Estate Planning for Special Needs Children

Parents with special needs children need to be careful when drafting their estate plans, to ensure that the plan provides adequate support for their child without causing any negative consequences. As a recent article explains, the most common way to do this is through a Special Needs Trust (“SNT”).

Special needs beneficiaries often receive benefits such as Supplemental Security Income and Medicaid. These programs are need-based, so a large inheritance received outright may cause benefits to cease. The key aspect of a SNT is that it allows a person to transfer money to his or her special needs beneficiary without affecting the beneficiaries Supplemental Security Income and Medicaid benefits. This is because, legally, the trust owns the assets rather than the beneficiary.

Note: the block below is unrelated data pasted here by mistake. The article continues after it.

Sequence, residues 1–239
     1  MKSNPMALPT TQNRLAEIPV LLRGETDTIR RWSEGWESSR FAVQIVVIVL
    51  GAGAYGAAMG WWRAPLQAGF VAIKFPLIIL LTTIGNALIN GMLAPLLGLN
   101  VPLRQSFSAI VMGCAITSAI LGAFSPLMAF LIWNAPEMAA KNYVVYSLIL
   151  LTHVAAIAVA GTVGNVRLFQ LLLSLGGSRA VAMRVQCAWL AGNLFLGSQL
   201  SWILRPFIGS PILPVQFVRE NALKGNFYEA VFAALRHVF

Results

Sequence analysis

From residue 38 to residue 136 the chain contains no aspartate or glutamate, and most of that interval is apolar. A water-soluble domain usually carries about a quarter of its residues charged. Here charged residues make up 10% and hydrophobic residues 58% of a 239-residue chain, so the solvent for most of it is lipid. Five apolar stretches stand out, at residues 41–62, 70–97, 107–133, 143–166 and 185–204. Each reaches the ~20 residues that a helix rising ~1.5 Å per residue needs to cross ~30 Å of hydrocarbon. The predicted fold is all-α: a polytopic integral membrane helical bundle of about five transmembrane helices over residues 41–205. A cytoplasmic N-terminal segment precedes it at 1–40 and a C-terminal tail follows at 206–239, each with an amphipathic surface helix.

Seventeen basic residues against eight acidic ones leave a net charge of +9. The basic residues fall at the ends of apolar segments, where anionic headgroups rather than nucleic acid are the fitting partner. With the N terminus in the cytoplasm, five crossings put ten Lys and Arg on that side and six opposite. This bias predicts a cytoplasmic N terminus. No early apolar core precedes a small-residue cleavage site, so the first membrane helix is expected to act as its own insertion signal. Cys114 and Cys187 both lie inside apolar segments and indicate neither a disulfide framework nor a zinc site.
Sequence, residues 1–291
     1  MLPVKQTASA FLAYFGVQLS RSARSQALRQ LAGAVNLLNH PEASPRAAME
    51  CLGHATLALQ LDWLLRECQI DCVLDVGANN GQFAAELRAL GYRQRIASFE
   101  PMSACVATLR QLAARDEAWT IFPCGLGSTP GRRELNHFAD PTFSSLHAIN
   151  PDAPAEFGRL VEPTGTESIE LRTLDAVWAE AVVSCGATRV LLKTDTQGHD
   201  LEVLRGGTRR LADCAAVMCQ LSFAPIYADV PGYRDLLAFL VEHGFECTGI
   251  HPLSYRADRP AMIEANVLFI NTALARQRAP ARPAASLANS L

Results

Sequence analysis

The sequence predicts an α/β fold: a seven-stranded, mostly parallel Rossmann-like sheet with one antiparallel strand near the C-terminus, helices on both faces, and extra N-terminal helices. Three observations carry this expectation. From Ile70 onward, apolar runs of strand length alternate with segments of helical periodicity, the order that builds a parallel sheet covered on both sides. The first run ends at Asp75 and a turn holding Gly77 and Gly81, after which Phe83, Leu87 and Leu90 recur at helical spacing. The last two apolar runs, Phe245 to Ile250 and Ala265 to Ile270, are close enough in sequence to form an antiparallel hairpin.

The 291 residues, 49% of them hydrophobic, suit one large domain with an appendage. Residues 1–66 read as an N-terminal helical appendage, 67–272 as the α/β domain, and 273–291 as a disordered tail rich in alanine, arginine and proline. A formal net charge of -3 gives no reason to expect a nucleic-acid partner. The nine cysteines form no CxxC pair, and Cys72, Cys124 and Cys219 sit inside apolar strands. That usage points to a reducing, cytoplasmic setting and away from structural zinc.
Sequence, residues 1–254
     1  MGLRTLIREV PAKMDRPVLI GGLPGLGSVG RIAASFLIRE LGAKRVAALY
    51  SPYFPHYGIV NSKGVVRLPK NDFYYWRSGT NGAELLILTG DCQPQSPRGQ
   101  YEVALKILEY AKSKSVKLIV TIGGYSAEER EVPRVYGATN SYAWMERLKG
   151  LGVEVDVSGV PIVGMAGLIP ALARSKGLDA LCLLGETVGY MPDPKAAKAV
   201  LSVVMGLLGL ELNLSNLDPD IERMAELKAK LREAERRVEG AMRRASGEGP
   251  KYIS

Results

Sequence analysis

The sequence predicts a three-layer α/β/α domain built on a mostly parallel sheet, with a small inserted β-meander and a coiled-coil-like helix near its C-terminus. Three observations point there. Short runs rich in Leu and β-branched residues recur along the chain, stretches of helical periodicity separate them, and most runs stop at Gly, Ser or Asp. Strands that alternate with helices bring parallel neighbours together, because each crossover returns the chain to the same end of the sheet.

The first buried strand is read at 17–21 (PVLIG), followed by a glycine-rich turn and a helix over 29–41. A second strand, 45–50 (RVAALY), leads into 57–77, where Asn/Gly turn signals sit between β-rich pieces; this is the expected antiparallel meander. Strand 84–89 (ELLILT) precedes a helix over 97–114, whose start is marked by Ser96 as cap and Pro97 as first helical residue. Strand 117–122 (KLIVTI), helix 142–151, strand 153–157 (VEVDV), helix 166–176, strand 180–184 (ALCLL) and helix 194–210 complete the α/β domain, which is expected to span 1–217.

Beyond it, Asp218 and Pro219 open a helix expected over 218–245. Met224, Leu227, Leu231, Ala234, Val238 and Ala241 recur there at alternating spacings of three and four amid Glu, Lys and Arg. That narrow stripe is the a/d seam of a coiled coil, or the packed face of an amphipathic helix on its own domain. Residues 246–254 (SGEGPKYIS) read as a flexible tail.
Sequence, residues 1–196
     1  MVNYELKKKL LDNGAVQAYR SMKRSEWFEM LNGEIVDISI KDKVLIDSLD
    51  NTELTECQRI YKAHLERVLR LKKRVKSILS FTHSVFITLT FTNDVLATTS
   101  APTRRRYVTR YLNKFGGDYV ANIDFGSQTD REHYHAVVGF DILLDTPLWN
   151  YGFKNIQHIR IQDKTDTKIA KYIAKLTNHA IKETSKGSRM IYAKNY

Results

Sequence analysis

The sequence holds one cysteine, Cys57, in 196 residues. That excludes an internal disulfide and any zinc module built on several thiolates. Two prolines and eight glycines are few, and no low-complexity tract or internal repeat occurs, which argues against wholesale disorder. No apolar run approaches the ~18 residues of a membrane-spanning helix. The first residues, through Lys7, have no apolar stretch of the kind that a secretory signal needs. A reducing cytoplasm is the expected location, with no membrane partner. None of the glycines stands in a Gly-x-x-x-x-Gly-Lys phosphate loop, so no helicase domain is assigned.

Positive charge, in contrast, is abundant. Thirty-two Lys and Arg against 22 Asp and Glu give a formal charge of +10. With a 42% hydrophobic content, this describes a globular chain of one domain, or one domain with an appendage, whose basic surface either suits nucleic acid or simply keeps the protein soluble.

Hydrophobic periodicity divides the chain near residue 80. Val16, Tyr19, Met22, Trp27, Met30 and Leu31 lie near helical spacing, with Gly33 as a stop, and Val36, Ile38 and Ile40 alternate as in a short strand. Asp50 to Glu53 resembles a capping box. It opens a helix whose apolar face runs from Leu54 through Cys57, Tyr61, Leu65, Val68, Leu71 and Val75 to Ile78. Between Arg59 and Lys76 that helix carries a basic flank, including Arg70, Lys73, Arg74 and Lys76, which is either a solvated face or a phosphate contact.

Most commonly, parents set up testamentary special needs trusts. These trusts are drafted and put in place, however not funded until the death of the trust creator. This means that the money remains yours until your death. A self-settled trust, on the other hand, requires funding immediately.

In order to set up a SNT, speak with an attorney who can tailor the trust to your individual circumstances. The best trust will address your needs but also remain flexible. Importantly, be sure to select a trustee that is willing and able to handle the responsibilities that come along with being a trustee. If you do not have a family member that would be appropriate, consider hiring a professional.

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